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Defending defence

Discussion in 'Indian Navy' started by CONNAN, Mar 3, 2011.

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    Apr 16, 2010
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    In his 197 paragraphs speech, running into an hour and 45 minutes of time, Union finance minister Pranab Mukherjee devoted precisely one paragraph to the nation’s defence budget. This paragraph (para 116) reads: "In the Budget 2011-12 a provision of Rs 1,64,415 crore has been made for Defence services, which include Rs 69,199 crore for capital expenditure. Needless to say, any further requirement for the country’s defence would be met." Admittedly, this has been a standard formulation of successive finance ministers for years, however, for a government that spends close to 13 per cent of total government expenditure (though the finance ministry’s ‘Budget at a Glance" document claims it is only 11 per cent) on defence, this is a rather cavalier treatment of one of the most important items of the government’s expenditure statement. Surely, the nation’s lawmakers deserve some more details, considering that so many paragraphs of the finance minister’s speech have been devoted to an elaboration of so many schemes that together do not even amount to 3 per cent of the total expenditure of the government. Spending proposals in the range of Rs 100 crore and Rs 500 crore have secured more space and time in the finance minister’s speech, compared to the whopping Rs 1,64,415 crore defence budget!

    That the government does not share too many details about defence spending is understandable up to a point. In fact, it is entirely possible that some part of actual expenditure on equipments acquisition does not even get captured by the budget data. That a large part of the total defence budget is in fact devoted to just salaries and pensions (pensions alone account for Rs 34,000 crore) is of course obvious. To the extent that data is provided, we know that the Army continues to walk away with a lion’s share of total defence spending, followed by Air Force and Navy in that order. The time has come for the government to explain and defend this pattern of spending. Is the Indian Navy being neglected? In what way does the defence budget reflect preparation to meet medium to long-term threats to national security? Is the 14 per cent hike in capital outlay on defence services, amounting to a budgeted Rs 69,198 crore in 2011-12, adequate? To what extent is this spending on defence going to trigger demand for services and goods within the domestic economy? Can defence spending be an instrument of industrial policy and technology development? If so, what is the government doing about it? What are the views of the nation’s economic policy makers with respect to the role of the private sector in defence related manufacturing and services industries?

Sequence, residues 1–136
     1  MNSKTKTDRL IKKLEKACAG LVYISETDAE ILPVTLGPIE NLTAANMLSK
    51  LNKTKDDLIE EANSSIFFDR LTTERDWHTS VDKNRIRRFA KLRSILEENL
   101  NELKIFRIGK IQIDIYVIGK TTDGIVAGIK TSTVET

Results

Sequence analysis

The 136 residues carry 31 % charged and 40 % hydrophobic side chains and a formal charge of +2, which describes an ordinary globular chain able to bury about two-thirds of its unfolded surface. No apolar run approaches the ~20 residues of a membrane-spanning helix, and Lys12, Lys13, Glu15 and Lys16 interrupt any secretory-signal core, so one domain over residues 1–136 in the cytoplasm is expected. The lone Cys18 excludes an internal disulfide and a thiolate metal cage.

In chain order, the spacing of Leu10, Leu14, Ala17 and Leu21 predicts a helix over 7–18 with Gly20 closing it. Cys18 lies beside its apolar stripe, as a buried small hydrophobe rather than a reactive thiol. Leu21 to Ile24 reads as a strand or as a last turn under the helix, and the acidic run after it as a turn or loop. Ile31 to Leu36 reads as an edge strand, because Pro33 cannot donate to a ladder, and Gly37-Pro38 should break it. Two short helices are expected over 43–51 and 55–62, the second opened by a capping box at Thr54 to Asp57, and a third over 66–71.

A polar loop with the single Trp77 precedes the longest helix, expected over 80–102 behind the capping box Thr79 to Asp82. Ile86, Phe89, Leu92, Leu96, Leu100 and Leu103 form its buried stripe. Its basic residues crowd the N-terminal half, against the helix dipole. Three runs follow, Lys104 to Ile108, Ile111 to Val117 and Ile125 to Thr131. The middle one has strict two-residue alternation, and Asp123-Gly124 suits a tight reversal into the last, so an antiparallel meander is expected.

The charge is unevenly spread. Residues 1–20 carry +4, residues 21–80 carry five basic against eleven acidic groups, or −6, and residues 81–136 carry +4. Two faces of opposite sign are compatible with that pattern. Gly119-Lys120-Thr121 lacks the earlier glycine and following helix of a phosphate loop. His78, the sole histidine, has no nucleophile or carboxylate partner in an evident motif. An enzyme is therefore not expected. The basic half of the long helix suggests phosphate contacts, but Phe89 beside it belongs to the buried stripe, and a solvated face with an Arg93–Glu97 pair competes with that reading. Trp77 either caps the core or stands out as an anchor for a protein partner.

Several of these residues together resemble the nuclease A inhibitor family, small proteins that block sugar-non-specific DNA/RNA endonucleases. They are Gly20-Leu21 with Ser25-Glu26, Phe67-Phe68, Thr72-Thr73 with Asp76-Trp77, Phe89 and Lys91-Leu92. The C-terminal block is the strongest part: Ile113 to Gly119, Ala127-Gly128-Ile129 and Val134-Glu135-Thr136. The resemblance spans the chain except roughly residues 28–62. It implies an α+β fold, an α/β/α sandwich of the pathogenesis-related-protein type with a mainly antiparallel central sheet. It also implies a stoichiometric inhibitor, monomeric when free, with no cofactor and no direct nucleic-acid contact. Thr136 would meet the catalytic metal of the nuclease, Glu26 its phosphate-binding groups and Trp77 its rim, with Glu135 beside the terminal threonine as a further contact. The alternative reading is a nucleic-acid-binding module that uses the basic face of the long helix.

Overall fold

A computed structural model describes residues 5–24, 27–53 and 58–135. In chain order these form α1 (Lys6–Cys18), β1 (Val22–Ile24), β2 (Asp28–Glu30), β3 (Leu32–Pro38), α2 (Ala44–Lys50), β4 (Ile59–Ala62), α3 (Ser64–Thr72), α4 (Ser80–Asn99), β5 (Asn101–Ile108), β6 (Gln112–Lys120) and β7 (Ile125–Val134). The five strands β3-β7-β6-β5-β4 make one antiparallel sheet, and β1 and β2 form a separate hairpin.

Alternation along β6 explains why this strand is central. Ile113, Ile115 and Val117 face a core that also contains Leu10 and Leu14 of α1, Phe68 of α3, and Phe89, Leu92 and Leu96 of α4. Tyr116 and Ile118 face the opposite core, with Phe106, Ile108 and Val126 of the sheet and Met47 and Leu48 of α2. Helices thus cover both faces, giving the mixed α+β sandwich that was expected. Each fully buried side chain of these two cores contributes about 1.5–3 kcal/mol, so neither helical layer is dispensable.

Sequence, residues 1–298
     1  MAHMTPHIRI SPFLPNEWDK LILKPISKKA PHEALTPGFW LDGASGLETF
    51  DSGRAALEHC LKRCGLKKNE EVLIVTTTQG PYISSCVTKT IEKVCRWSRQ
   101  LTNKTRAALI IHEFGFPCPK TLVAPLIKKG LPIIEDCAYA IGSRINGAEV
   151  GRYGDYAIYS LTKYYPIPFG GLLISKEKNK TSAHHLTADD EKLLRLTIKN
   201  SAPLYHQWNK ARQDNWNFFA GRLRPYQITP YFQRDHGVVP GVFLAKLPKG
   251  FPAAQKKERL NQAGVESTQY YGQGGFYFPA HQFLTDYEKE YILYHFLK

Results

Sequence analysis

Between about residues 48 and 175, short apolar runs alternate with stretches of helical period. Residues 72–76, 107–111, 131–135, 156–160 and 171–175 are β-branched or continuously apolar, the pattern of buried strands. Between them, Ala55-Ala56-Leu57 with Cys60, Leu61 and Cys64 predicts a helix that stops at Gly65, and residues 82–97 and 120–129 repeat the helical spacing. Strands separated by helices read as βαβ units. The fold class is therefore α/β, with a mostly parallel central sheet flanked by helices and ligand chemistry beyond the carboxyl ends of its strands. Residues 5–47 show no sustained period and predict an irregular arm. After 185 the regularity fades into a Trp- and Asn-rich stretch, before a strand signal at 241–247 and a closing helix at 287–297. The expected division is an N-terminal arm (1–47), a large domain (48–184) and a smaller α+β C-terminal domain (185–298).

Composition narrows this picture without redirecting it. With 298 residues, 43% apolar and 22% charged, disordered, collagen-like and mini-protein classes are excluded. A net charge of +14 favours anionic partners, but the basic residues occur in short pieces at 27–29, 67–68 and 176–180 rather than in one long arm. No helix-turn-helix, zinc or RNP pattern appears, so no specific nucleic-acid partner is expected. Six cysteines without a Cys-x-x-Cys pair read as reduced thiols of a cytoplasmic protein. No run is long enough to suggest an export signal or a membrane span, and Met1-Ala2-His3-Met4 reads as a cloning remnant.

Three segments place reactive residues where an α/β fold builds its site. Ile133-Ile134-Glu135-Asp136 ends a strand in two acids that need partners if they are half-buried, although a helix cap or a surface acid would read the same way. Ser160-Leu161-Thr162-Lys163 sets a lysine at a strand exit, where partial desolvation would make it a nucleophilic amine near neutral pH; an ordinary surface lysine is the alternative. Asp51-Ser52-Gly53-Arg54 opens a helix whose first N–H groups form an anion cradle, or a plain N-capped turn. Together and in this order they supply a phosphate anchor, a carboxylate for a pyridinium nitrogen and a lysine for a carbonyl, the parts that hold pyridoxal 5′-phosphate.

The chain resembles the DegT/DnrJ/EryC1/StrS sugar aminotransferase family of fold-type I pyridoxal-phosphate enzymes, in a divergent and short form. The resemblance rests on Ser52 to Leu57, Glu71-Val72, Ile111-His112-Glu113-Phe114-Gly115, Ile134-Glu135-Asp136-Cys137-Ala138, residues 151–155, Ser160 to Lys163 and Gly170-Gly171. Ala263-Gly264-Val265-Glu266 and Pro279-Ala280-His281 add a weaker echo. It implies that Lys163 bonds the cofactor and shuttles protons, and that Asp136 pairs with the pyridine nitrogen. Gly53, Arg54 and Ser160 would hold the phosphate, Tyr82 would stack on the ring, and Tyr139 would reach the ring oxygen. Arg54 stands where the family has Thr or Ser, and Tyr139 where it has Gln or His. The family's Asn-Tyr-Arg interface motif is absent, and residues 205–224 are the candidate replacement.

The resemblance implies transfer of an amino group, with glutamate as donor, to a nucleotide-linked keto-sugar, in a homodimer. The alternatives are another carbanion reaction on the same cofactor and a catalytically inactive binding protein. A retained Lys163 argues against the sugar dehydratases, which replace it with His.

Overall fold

These and many such questions have been repeatedly raised in the public debate on defence and development in India that the finance minister could have tried to address while seeking the Parliament’s authorisation to devote as much as 13 per cent of total government spending to defence. In not doing so, the finance minister has lost an opportunity to bring greater transparency to defence spending.

    Defending defence
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